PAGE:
Signpost (Weber, Utah), 1980-05-131
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Inside Today WEBER STATE COLLEGE f1 wrmwk . p.- --.. .......... -.-.--.T-T-r.j - 101 j j QGDEN UTAH IT Fighting the energy crisis page 2 Styles of learning page 5 The day it rained page 8 Sports page 11 Volume 40 Issue 53 May 13, 1980 Rally emerges as anti-climactic debate Plagued by rain and a low student turnout, the much-publicized 'Deport Iranian Students' rally Friday wound up as an anticlimatic dabate between students favoring retaliation against Iran and a small but vocal minority in favor of a more conciliatory position. Threats of violence highlighted pre-rally publicity, but there was no sign of white supremists or militant Iranians as local and campus police, including several plain clothesmen, looked on. Heavy morning rains had soaked the fields and rally organizer Edward F. Devlin II, better known as the Kool-Aid Kid for his role in the Jim Jones Kool-Aid party, was able to obtain only about 60 signatures from the crowd of approximately 150 WSC students and northern Utahns. Devlin called for the deportation of all Iranians who speak against the American government and then invited others to speak out on the issue. But the speakers found themselves continually interrupted by those with differing opinions and cries of "Nuke Iran" were cheered widely. Students who called for a "swallowing of pride" and an apology to Iran for the U.S. involvement in that country were quickly shouted down and a "Nuke Iran" banner hung from the eighth floor of Promontory Towers dormitory served as a reminder of the growing impatience Americans feel about the Iranian situation. The rally broke up when a call of "take it to the Iranians" led to a march to the Union Building cafeteria where a group of Iranians had met to answer the questions of the many media representatives on campus Friday. Approximately 50 Iranian students, sitting in a circle, were hurriedly discussing ine Persian the questions, which they asked to have written out. After looking on for several moments, one of the angrier Americans interrupted the meeting, calling out to the Iranian students to "answer-what should be done." But at that moment any potential danger of a violent confrontation disappeared, as Associate Dean of Student Darnell Haney placed his considerable frame between the two groups and called for a rational exchange of ideas between members of the two groups. Farhad Iravani, who served as a representative for the Iranians, said the Iranians feel they are generally treated well here, but indicated that they support their government's policy and that Americans have failed to understand the issues surrounding the taking of American hostages. S L r i Northern Utah candidates file for office at last minute Whether for political impact or because of procrastination, many northern Utah candidates have once again waited right up until the registration deadline to officially file their candidacies for public office. Ogden Mayor Stephen Dirks was among the candidates filing during the week before yesterday's 5 p.m. deadline. Dirks will run for U.S. Senator on the democratic ticket. Also filing last week was County Commissioner Doug Hunt, who will challenge for the Utah Lieutenant Governor slot. Dirks and Hunt were two of eight men to enter the campaign for public office last week, while several other announced candidates have yet to file. Among the new entrants are Bruce Bangerter (Independent) and Jake Garn, Republican incumbent for the U.S. Senate, James McConkey and incumbent Robert Hansen (R) for State Attorney General ; Lynn C. Baker (D) and W. Val Ovalson (R) for State Auditor, and Leonard McDonald (D) and Golden Allen (R) for State Treasurer. Candidates who still hadn't filed for office as of 9 a.m. Monday, included: Jed Ricard-Cont. on page 12 Women don't belong in combat, asserts retired Army general The administration is playing with the safety of the country in considering women for combat duty in the armed services, General Andrew Gatsis told a WSC convocation audience Thursday in the Union Building Little Theatre. Gatsis has received some of the highest military honors and as advisor to the South Vietnamese army was the first American to cross into Cambodia during that controversial invasion.Gatsis said in spite of denials at high levels, there is unrelenting pressure from backers of the drive for equality for women and the Equal Rights amendment to get women into combat positions, mostly to prove that women are equal in every respect. The top military command in the U.S. is saturated with women's lib supporters, he declared. Women lack the physical strength and endurance for combat duty, Gatsis said. Their presence in combat units would introduce grave problems of both morale and morality, and multiple tests conducted by the military have proved women definitely less effective in many military assignments and situations, he said. Violence, for example, calls for physical strength simply to survive. He challenged the statement being made in some circles that wars of the future will be push button wars in which physical strength will not be of major importance. Future wars will continue to have a large element ofin-the-field combat, he said. The Soviets, he said, used women in combat positions when they had to in World War II, but as soon as they could they went back to the utilization of women in non-combat situations and as only a very small fraction around 3 percent of their military forces. No one who has seen real heavy combat would want women to be involved, or want to see the dignity of women washed away, he concluded. Gatsis received a standing ovation at the conclusion of his talk. " . o.w-.o ' " i . 1 i m. f r i Hut POST-RALLY CONFRONTATION American students Involved in the 'Deport Iranian Students' rally Friday arrive at the Union Buildinng to confront Iranians. The Iranian students had met to discuss questions posed them by media representatives. Associated Dean of Students Darnell Haney defused the situation by pairing off Americans and Iranian students into small groups to discuss their opinions.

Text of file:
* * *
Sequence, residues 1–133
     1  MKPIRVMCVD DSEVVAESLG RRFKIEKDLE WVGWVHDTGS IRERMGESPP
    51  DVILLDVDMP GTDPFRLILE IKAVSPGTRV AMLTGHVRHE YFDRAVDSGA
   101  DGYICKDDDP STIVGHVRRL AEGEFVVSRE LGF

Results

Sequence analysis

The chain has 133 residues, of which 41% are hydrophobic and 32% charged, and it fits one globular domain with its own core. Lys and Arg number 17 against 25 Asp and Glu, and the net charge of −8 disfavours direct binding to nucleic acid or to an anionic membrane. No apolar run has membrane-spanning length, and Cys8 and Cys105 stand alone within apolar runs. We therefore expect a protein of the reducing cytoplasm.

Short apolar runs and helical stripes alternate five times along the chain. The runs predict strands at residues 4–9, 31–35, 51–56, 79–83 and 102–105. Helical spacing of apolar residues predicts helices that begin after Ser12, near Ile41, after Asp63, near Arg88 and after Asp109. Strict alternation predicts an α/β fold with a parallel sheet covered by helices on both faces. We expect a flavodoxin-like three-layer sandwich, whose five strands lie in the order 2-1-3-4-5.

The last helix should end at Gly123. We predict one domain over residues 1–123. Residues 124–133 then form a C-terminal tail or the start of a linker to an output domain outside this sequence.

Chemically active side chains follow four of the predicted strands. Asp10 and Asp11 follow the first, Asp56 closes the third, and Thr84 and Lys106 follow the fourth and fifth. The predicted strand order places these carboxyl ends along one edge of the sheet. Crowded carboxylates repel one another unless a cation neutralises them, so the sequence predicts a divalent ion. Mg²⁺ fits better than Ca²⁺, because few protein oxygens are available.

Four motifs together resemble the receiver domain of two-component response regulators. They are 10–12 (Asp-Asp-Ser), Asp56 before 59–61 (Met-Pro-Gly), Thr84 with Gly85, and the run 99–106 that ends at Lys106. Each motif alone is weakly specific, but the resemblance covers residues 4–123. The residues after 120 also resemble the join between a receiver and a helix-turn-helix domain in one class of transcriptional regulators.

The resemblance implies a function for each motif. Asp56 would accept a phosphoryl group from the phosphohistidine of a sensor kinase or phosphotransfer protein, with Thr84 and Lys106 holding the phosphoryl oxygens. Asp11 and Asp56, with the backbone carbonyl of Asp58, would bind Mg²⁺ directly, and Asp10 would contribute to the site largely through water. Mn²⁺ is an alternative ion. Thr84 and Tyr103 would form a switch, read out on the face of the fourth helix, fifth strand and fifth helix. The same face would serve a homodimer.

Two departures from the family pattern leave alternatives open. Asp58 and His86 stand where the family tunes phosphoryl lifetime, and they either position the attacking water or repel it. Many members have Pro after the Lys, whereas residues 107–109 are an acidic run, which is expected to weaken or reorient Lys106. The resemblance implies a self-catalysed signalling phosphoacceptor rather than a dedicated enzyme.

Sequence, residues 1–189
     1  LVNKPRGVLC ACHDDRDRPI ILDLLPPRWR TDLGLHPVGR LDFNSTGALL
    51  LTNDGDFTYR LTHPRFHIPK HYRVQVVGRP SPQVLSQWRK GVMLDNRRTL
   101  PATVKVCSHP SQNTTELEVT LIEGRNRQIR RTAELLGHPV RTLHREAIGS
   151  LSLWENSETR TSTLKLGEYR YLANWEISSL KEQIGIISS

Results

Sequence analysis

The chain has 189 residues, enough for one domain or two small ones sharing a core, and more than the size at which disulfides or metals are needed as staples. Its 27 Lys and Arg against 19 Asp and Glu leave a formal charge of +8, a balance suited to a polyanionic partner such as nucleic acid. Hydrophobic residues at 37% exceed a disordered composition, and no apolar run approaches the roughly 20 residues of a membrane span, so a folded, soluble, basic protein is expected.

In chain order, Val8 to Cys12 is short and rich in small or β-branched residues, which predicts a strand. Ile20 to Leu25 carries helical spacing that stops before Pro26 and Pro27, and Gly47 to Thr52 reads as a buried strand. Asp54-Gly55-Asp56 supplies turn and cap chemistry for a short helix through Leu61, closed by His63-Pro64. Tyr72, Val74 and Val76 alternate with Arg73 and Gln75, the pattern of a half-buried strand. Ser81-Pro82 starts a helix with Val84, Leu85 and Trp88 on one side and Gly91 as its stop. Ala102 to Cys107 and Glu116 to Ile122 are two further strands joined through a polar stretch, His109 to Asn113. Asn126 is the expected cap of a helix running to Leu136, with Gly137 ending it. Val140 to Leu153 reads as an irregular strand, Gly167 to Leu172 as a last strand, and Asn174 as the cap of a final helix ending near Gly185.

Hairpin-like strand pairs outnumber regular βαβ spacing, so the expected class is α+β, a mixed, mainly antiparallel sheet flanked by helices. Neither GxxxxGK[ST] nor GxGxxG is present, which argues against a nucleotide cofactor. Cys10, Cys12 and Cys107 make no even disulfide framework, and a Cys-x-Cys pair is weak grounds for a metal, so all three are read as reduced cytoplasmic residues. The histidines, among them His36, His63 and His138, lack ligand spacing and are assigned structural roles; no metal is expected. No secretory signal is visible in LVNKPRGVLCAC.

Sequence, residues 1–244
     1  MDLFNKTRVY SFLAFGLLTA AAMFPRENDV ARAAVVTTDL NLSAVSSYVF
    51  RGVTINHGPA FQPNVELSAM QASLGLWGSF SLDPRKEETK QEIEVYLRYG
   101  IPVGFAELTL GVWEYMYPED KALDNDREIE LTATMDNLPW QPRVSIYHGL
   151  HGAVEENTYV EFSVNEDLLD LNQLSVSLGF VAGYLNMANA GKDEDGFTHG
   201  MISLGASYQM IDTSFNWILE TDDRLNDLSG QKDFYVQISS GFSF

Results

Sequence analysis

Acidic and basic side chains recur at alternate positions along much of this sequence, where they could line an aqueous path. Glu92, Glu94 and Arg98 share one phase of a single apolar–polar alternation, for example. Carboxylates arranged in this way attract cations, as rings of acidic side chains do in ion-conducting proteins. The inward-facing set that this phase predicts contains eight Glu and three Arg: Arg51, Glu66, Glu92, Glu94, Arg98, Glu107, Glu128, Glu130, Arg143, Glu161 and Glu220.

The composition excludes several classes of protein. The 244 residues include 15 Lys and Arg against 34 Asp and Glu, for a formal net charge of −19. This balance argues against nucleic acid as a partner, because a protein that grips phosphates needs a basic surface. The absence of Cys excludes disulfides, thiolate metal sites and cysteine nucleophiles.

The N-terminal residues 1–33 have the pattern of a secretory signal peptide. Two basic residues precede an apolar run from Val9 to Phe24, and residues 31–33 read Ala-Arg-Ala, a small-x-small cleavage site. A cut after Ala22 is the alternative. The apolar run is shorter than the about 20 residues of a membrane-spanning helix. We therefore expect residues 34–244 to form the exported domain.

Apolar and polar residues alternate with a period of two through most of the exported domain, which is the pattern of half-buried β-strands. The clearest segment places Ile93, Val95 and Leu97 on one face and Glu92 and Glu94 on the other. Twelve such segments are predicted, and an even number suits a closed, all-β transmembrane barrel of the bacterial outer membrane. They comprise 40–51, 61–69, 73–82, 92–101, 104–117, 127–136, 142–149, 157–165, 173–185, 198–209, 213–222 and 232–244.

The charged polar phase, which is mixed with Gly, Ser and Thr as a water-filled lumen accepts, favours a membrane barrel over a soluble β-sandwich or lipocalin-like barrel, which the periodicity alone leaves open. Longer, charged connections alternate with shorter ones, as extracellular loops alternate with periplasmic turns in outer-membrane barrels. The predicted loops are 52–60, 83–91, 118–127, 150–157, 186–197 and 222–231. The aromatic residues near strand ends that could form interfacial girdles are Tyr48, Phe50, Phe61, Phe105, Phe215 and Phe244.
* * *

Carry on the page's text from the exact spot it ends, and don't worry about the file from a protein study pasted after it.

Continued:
|Title||Signpost (Weber, Utah), 1980-05-13, Vol. 40, No. 53|
|Creator||Weber State College|
|Contributors||Associated Students of Weber College; A generous grant from the Utah State Library and the Institute of Museum and Library Services.|
|Description||Weber's current student newspaper, the Signpost, first appeared on September 29, 1937. For two years prior to that time, campus news was disseminated via announcements posted on a bulletin board known as the "Signpost". As a result, the masthead of the first issue of the paper itself featured a rudimentary wooden sign with the title spelled out in rustic-looking letters. Over the years the paper has been published continuously, though the look, size and style has changed several times.|
|Subject||College student newspapers and periodicals; Weber State College|
|Publisher Digital||Stewart Library, Weber State University|
|Source||University Archives LD5893.W55 S5, Stewart Library, Weber State University|
|Rights Management||Public Domain. Courtesy of University Archives, Stewart Library, Weber State University.|